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Reform Magazine | May 18, 2024

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Reviews February 2024 - Reform Magazine

Reviews February 2024

Invaluable service

Perfect Days
Directed by Wim Wenders
Certificate PG, 123 minutes
Released 23 February

The greatest among you shall be your servant. These are not words we readily understand in our contemporary world. Here, Wim Wenders (Paris, Texas; Wings of Desire) makes a film which seems not only to encapsulate the idea but to render it readily digestible.

Hirayama (Koji Yakusho) has worked for The Tokyo Toilet Company for five or six years and takes great pride in his job. His young co-worker on their two-person detail, Takashi (Tokio Emoto), doesn’t share his enthusiasm, doesn’t do the job very well, and would rather be somewhere else.

Hirayama drives a small van and has invested in various tools to help him carry out the job; Takashi rides a motor scooter. Hirayama takes great pleasure in listening to his audio cassette music collection on his van’s cassette player driving to and from work. When Takashi’s scooter breaks down on the evening that he plans to take girlfriend Aya (Aoi Yamada) for a drink, Takashi begs to borrow the van.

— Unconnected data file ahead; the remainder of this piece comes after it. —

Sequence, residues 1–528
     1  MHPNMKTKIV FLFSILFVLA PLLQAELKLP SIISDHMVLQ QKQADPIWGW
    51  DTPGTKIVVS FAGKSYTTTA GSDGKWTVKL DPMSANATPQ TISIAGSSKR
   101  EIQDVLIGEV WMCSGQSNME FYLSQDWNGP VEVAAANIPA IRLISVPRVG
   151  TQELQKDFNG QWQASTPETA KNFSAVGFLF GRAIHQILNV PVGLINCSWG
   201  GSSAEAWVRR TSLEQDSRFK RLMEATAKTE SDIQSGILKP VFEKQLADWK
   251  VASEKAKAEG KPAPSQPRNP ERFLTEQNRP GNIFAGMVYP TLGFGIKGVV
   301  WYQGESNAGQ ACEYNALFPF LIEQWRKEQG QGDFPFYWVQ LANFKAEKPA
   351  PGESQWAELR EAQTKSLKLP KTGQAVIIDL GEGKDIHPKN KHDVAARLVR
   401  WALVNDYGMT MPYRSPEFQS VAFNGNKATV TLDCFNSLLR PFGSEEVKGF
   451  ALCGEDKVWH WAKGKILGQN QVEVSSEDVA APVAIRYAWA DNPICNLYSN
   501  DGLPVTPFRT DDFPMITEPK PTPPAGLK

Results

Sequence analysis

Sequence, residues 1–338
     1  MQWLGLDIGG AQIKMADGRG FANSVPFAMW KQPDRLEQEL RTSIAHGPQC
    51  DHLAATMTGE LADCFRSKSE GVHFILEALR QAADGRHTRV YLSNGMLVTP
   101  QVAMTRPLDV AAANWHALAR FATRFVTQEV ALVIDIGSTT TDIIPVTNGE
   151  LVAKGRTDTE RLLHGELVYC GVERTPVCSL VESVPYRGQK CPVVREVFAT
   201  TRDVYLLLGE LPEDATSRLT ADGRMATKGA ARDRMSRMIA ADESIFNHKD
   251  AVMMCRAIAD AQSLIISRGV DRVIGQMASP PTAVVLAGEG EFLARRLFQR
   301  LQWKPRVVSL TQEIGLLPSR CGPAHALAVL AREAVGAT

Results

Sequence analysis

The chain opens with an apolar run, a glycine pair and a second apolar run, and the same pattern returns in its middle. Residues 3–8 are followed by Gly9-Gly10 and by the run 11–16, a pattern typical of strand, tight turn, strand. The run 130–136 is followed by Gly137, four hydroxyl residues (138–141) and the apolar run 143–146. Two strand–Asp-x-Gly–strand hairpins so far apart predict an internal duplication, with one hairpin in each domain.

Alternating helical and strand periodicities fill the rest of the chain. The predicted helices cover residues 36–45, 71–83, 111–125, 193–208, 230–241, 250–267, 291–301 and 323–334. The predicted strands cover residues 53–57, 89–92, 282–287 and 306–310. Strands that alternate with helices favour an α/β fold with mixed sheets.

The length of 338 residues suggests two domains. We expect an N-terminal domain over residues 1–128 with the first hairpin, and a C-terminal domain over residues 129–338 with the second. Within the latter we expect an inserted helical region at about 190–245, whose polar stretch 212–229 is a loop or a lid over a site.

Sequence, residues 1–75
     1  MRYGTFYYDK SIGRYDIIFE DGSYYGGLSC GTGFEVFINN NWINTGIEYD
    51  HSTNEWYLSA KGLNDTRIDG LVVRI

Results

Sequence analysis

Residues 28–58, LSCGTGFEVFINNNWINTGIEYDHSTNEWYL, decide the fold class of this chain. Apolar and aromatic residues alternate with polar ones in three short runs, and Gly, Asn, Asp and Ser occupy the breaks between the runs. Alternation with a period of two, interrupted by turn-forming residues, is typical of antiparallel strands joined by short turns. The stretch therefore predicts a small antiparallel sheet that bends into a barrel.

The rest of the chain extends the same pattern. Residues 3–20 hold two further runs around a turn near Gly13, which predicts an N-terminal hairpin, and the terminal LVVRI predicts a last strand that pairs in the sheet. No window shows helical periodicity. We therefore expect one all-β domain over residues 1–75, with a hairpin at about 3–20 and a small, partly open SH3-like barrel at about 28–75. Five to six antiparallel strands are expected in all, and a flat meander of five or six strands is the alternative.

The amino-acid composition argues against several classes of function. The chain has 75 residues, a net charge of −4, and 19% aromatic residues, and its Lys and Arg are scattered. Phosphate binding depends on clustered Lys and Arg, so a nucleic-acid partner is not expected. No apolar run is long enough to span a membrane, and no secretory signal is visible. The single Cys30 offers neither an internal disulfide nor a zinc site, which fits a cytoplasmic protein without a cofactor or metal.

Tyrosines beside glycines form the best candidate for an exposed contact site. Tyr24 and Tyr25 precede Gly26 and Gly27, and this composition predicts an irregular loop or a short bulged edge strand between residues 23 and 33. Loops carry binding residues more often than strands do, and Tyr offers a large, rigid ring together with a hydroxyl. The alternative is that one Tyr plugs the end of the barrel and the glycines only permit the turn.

So Hirayama drives co-worker and girlfriend to their destination. Both are impressed with his audio cassettes, a pop relic from an earlier generation. The cash-strapped Takashi drags Hirayama along to a second-hand cassette shop to find out the value of his collection. (A great deal, as it turns out, however Hirayama has no plans to sell).

Outside of work, Hirayama has more hobbies. With an old 35mm camera, he snaps black and white pictures of trees in the park where he has lunch, taking the film to a little shop that still processes them. He rips up the rotten snaps, while he files away the good ones in a series of metal boxes in his modest flat. Some evenings, he hangs out in a small bar.

These are simple, everyday pleasures, and Wenders realises them brilliantly on the screen. His greater achievement, though, is to make appealing a character who provides an invaluable service at the lowest level of the social food chain when the usual approach is to look down at them.

Jeremy Clarke is a film critic. jeremycprocessing.com

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Bible story time

Lydia
Paula Gooder
Hodder and Stoughton
ISBN: 978-1-444-79205-8


This book is a story, not a novel. A novel, Paula Gooder insists, exists for its own sake, constrained only by the imagination of the author; her story is constrained by what can be found in Acts 16, Philippians and the scholarship around these texts. If that sounds daunting, I can assure you it is not. Gooder’s imagination and ability to tell a story are every bit as good as her scholarship.